The strangely static statistics of our borough’s rubbish
03 January, 2019
ONE of the great green mysteries in recent years is why Camden’s recycling record remains so consistently low?
In 2005, the council proudly announced it had achieved the highest recycling rate of all London boroughs.
But since those halcyon days, and despite a huge shift in the public perception of the environment, according to official tables, Camden’s statistical record has remained more of less exactly the same.
Its record of household waste sent for reuse, recycling or composting has hovered around 25 per cent mark for almost a generation.
While most other London boroughs have significantly upped their game, Camden has stagnated. It now has one of the lowest rates in the capital, and by extension, the country. Why?
Is this a question of political vision or leadership? Are long-term, inflexible contracts to blame? The contract with Veolia was, in 2017 given an eight-year extension, and was estimated by the company to be worth £338million.
Has there been poor communication to residents? Are they, in the main, apathetic or uninformed?
Dividing what we throw away – the plastics, uneaten food, the non-recyclables – is such a simple task.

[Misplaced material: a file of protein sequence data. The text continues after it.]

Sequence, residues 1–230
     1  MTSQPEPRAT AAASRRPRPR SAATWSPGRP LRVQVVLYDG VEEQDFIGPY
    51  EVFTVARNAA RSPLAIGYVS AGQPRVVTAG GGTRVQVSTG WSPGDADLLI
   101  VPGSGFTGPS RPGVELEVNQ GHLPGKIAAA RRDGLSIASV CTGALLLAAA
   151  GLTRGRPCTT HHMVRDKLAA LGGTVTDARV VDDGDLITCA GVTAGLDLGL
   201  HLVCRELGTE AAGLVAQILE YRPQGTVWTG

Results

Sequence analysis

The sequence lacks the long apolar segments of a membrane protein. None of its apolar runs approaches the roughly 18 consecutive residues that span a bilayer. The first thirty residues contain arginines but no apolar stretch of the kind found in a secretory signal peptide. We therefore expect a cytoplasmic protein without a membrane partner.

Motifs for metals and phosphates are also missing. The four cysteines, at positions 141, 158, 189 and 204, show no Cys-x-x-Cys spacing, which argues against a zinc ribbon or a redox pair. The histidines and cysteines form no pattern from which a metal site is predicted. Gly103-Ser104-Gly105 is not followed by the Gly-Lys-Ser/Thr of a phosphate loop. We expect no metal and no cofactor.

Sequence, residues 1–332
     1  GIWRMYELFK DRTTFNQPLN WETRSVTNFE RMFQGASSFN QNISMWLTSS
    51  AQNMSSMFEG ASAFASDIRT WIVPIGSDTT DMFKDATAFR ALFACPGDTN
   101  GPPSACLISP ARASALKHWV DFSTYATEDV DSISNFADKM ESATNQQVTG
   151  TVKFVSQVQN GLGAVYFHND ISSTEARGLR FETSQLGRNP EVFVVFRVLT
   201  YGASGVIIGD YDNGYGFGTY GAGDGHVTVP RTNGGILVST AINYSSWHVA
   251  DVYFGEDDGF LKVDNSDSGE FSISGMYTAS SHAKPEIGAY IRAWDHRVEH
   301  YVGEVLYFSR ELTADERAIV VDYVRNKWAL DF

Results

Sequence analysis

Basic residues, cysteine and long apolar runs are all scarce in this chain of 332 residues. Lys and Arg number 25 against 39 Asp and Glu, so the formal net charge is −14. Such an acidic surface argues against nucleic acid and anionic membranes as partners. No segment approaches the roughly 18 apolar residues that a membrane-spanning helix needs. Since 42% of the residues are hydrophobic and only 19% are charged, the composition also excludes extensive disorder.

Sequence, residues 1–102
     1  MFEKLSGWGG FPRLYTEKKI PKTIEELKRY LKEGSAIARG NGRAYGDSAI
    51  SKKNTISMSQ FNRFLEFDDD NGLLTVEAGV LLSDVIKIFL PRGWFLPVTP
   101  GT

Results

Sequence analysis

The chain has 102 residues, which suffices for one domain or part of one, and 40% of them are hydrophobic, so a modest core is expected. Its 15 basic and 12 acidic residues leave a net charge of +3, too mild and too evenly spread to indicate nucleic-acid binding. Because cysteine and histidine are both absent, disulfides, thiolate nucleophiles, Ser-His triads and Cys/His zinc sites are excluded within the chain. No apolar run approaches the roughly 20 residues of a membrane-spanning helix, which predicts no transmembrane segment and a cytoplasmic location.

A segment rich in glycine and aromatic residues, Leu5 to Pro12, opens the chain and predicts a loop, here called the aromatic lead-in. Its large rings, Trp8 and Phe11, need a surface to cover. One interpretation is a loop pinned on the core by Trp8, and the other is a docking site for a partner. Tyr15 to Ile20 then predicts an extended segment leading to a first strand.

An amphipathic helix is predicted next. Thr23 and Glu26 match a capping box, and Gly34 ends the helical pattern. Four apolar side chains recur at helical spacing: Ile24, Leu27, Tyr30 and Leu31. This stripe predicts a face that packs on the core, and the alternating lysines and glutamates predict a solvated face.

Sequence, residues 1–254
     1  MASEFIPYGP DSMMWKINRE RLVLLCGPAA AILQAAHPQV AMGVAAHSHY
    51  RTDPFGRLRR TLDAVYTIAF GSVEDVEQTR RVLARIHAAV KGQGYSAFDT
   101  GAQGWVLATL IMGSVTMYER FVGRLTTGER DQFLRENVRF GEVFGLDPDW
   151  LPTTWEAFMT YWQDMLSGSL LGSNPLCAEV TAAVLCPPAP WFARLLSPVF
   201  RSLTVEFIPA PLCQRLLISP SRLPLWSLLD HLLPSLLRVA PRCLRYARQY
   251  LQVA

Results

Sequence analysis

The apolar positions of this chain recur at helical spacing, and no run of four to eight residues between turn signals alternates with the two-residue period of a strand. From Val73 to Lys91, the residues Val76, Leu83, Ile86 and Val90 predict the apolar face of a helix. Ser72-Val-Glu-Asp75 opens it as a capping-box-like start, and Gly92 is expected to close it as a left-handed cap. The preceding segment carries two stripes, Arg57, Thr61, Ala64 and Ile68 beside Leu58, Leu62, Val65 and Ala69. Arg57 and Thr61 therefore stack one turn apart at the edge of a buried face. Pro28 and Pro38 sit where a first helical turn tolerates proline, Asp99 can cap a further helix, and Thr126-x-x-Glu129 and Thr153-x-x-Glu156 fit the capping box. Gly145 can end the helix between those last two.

But many simply cannot be bothered, or do not care. Some may feel suspicious whether waste destined for recycling is actually being recycled. Even Camden’s most admirable residents can be struck by a moral myopia.
Other boroughs, like Harrow, have imposed compulsory recycling on residents – a move that has seen their rates shoot-up.
The attempt to increase recycling rates by limiting the amount of waste residents could leave out on the kerbside was, perhaps, a desperate move.
But it did perhaps get residents thinking when they would otherwise have not.
What is certain is that with latest round of cuts from central government, Camden’s standing is likely to go down rather than up.
THE stain of our nation’s failure to eradicate homelessness can no longer be ignored.
This, of course, isjust one of many failures exposed by a government so caught up with the Brexit nightmare that it has neither time nor energy to deal with anything else.
Homeless street camps, tents and mattresses are routinely springing up in protected enclaves across Camden with all the attendant detritus to be expected.
2019 should be the year politicians get a grip on this modern-day travesty.
But will they?